Melton McLaurin, in his book, “Separate Pasts,” recalls memories of growing up in his hometown of Wade, North Carolina. During this time, McLaurin works in his grandfather’s store in the segregated South. McLaurin writes of his interactions with the black community and observes the segregated lifestyle of black and whites. In his book “Separate Pasts,” McLaurin describes the black citizens of Wade that have influenced and changed his views of segregation and racism.
The first person to influence McLaurin’s racial views was a black playmate by the name of Bobo. During this time period it was perfectly acceptable for white children to play with black children. In “Separate Pasts” McLaurin describes an event in which he had licked a needle that his black playmate Bobo had already previously licked. Upon this realization McLaurin has sudden conflicting and negative racial views against Bobo. He feels violated that the black child’s salvia may have contaminated him yet; at the same time he does not want his friend Bobo to feel hurt towards his negative thoughts. This memory shows that although McLaurin outwardly is friendly towards his black peers, he still views them inferiorly.
Another figure who shapes McLaurin’s view of the black community is Betty Jo. In this section of “Separate Pasts” McLaurin explores sexual fantasies and relationships between the white and black community. He had strong sexual fantasies about the black adolescents and young women that come into the store. However society prevents him from acting upon these desires. Betty Jo, a young black girl who frequently visits the store, changes the way McLaurin feels about black girls. She was the first girl that McLaurin desired emotionally as well as physically. This desire for her showed McLaurin that Betty Jo was just like the white girls that he had previously dated. This section of McLaurin’s book shows the complexities of interracial sexual relationships and fantasies.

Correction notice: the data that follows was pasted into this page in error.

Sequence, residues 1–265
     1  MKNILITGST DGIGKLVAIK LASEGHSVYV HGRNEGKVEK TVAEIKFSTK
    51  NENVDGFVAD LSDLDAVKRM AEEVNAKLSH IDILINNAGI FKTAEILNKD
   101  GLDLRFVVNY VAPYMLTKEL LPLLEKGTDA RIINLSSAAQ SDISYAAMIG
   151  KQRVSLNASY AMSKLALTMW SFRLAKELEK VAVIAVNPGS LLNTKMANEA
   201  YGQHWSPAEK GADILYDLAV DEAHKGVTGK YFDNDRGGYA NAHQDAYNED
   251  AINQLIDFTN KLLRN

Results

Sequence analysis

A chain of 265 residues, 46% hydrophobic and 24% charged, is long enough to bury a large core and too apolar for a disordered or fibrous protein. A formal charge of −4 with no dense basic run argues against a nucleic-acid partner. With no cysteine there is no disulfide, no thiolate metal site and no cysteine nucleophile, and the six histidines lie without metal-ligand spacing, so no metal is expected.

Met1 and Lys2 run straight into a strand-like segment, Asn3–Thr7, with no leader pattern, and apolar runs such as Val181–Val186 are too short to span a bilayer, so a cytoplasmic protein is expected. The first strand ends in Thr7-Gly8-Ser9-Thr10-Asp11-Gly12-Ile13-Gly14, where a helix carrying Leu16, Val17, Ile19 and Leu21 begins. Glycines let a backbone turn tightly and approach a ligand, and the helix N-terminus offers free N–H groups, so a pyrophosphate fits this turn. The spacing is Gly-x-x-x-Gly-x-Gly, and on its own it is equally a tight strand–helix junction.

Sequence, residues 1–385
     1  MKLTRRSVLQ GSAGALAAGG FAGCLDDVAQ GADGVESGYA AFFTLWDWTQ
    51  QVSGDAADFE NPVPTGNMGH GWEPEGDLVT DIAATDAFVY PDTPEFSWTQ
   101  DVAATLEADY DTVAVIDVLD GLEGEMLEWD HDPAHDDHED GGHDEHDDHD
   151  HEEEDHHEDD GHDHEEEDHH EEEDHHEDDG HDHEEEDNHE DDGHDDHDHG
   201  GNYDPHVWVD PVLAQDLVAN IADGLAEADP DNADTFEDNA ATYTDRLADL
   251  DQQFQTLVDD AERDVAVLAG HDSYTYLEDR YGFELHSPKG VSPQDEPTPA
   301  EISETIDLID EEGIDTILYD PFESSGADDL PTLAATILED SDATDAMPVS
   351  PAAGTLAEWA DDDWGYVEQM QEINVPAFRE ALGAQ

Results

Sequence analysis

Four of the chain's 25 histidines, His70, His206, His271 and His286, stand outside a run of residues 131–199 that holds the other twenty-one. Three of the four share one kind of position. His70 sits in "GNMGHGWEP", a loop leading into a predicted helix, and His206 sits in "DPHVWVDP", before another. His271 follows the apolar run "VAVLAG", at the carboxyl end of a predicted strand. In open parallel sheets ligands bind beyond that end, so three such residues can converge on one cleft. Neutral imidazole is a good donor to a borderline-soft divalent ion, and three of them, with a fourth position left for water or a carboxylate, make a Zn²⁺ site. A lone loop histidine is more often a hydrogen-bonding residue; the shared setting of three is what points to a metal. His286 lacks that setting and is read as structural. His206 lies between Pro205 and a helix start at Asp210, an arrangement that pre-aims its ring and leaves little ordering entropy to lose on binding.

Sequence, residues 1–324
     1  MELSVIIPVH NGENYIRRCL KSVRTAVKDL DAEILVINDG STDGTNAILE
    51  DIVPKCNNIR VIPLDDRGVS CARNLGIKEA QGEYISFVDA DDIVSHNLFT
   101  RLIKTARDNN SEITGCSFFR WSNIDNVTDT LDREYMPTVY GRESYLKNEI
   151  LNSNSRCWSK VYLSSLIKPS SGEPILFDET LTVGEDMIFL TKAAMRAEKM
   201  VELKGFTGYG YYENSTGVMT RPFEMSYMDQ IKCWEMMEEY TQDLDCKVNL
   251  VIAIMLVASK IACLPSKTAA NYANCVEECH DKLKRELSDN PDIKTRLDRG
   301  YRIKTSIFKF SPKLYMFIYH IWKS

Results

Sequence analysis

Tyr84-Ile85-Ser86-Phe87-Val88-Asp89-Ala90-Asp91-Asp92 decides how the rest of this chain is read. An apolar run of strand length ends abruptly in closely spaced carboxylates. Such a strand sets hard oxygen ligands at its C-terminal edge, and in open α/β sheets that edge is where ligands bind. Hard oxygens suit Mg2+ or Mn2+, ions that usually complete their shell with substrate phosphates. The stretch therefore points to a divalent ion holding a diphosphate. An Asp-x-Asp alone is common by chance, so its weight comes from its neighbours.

Another memory that...
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